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Henry George and the Crisis of InequalityProgress and Poverty in the Gilded Age$
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Edward O'Donnell

Print publication date: 2015

Print ISBN-13: 9780231120005

Published to Columbia Scholarship Online: November 2015

DOI: 10.7312/columbia/9780231120005.001.0001

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“The Country is Drifting into Danger”

“The Country is Drifting into Danger”

(p.169) 6 “The Country is Drifting into Danger”
Henry George and the Crisis of Inequality

Edward T. O’Donnell

Columbia University Press

This chapter examines the labor unrest that rocked the United States in 1886 and prompted Henry George to wonder whether the country was “in danger of revolution”. The year 1886 unfolded as one of the most tumultuous in American history. The number of strikes that year was nearly triple the average of those that took place in the years 1881–1885. The number of boycotts imposed likewise exploded. In early March of that year, 200,000 workers, most of them affiliated with the Knights of Labor, commenced a massive railroad strike against the lines owned by Jay Gould, one of the nation's most notorious capitalists. Workers across the country then participated in the largest protest in the nation's history. It was a protest for the eight-hour workday, culminating in the Haymarket Square riot in Chicago. George hoped the mounting crisis would force political leaders to pay some attention to his single tax solution. Taken as a whole, these events transformed the often abstract ideas and ideological tenets of working-class republicanism into a cold, harsh reality.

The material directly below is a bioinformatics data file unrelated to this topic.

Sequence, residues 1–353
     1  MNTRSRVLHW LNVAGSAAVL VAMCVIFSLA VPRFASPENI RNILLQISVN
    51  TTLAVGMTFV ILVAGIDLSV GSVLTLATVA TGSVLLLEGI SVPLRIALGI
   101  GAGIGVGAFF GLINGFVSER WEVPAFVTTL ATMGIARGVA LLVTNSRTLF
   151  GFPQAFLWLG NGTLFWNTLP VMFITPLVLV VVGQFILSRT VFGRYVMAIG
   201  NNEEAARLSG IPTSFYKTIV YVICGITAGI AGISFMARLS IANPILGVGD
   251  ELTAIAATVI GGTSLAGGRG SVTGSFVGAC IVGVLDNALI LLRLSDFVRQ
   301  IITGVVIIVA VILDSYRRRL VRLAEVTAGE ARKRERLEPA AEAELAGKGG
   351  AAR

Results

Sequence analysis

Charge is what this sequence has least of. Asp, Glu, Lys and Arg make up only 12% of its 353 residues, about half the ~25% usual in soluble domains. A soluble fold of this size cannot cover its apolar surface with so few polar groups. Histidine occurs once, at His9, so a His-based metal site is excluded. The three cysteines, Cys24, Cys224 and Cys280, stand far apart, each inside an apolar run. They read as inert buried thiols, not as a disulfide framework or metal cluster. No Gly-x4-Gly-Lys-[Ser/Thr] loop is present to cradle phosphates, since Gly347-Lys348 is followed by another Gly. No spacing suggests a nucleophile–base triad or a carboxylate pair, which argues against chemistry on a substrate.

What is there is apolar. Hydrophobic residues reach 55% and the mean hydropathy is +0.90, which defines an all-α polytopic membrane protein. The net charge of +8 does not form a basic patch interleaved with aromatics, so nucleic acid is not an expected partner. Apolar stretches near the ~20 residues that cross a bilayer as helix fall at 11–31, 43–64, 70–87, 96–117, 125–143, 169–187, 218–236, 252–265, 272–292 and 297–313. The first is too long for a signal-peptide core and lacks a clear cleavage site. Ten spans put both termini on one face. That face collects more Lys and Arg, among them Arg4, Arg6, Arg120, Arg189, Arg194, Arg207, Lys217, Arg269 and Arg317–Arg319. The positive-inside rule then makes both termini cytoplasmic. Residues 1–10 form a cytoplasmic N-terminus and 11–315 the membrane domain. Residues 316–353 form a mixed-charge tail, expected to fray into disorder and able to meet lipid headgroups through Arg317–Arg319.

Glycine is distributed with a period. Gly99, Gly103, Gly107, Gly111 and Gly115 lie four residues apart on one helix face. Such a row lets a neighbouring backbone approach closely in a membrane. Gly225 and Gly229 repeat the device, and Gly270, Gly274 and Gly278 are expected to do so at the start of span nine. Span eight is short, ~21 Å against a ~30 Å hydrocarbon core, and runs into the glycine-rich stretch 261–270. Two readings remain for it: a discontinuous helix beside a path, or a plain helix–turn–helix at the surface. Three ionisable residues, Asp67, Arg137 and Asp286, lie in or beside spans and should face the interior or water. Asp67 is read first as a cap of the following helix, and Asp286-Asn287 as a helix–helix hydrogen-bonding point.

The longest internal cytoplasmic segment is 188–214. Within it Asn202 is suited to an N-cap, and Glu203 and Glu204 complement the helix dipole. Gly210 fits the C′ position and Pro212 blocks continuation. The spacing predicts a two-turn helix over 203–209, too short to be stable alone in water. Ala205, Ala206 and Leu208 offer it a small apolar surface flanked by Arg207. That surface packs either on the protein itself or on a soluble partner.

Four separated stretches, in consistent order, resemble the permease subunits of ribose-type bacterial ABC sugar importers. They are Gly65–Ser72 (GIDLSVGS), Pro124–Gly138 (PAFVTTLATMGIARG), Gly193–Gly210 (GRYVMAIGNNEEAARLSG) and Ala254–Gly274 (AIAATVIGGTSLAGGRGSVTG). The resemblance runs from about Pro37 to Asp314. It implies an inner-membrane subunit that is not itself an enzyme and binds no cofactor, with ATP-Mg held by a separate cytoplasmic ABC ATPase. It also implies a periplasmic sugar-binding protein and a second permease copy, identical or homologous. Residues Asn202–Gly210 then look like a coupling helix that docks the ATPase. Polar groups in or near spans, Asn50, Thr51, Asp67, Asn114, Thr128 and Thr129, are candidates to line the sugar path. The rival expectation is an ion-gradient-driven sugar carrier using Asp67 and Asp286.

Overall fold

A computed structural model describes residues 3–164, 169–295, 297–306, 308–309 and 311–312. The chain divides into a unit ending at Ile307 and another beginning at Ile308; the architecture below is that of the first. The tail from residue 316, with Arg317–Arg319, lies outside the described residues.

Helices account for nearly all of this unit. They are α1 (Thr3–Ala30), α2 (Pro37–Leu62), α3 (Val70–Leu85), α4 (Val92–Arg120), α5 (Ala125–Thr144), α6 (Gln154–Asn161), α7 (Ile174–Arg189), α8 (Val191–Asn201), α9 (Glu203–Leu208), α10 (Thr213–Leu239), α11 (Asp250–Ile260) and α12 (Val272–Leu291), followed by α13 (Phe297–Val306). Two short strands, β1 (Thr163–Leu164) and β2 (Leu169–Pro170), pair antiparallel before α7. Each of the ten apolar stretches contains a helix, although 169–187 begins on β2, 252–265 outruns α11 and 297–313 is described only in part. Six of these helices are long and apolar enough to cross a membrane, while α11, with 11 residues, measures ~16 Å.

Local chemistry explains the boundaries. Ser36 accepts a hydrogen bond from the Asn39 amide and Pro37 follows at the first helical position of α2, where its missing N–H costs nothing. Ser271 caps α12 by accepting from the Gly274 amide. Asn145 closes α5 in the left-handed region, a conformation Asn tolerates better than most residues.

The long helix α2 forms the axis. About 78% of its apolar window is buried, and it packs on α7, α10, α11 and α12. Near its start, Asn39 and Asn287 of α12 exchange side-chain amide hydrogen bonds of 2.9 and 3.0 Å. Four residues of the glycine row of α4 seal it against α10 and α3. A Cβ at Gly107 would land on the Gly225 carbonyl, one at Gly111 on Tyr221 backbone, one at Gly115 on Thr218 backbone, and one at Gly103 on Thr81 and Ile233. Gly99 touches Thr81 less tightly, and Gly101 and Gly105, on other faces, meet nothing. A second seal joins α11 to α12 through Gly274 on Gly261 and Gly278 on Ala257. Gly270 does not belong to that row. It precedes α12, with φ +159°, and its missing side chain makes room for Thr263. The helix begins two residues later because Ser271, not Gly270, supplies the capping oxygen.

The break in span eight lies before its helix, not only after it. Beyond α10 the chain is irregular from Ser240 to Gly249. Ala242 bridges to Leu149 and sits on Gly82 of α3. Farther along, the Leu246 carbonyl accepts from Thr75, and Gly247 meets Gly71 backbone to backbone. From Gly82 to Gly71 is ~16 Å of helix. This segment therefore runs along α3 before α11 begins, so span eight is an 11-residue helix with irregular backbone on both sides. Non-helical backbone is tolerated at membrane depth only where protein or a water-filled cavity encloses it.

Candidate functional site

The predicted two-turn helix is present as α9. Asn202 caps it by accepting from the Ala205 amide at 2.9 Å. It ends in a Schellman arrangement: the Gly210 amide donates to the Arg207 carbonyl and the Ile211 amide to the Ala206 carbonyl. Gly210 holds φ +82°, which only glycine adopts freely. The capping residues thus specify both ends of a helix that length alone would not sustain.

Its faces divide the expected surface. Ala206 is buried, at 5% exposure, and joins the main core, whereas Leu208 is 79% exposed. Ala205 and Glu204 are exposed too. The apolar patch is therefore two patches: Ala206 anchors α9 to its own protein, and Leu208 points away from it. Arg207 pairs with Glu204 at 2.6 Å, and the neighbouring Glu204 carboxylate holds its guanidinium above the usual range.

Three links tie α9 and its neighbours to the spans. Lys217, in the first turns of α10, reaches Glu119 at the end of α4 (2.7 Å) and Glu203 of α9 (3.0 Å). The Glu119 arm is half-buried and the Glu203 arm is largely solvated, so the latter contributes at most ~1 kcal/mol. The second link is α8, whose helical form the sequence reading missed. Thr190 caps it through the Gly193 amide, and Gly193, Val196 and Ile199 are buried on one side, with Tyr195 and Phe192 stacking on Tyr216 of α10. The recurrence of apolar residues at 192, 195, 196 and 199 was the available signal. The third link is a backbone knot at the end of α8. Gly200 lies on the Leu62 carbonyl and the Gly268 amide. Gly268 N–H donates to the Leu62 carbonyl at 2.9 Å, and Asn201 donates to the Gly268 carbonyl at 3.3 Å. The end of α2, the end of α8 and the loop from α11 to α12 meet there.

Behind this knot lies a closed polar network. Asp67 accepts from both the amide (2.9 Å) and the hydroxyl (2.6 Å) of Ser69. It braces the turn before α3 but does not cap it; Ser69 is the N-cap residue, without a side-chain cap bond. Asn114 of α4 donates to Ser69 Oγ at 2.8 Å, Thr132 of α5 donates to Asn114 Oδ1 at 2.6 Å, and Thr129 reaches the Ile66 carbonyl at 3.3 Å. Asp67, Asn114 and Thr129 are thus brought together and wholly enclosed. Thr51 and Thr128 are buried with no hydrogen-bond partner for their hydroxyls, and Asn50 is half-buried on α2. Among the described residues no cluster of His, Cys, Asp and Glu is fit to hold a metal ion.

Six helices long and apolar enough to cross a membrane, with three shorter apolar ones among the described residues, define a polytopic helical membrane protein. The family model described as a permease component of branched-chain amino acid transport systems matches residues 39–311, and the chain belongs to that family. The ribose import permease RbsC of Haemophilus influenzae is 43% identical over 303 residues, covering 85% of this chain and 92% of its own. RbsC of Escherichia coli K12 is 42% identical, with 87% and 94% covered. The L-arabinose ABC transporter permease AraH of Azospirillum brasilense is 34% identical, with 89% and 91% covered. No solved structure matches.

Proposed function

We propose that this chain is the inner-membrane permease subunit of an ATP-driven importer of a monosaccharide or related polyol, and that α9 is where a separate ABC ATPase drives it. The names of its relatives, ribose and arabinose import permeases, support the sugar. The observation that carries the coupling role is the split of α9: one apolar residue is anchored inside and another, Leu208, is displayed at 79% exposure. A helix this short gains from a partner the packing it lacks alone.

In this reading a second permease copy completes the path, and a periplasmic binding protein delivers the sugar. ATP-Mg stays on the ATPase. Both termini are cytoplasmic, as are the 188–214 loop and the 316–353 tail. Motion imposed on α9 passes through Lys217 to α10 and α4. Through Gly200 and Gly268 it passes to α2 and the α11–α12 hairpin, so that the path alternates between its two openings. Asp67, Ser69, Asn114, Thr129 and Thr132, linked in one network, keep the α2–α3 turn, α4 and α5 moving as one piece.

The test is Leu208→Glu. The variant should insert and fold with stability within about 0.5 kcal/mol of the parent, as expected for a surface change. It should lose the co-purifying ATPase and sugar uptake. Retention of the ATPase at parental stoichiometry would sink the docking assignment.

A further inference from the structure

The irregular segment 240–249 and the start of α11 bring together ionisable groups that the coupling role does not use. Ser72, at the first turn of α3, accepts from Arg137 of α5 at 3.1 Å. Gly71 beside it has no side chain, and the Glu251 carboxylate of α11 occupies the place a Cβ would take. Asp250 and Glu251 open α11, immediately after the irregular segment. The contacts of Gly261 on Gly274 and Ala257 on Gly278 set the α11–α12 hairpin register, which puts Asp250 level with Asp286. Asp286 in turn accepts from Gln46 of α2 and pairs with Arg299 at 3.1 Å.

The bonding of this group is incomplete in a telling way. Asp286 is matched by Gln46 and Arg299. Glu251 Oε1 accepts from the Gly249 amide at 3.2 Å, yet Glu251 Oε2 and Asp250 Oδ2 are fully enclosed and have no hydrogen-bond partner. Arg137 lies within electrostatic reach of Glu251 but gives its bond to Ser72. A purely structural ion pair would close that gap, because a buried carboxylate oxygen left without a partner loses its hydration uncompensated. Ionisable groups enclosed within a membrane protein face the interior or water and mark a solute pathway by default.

Keywords:   labor unrest, Henry George, strikes, boycotts, Knights of Labor, Jay Gould, Haymarket Square riot, single tax, republicanism, workers

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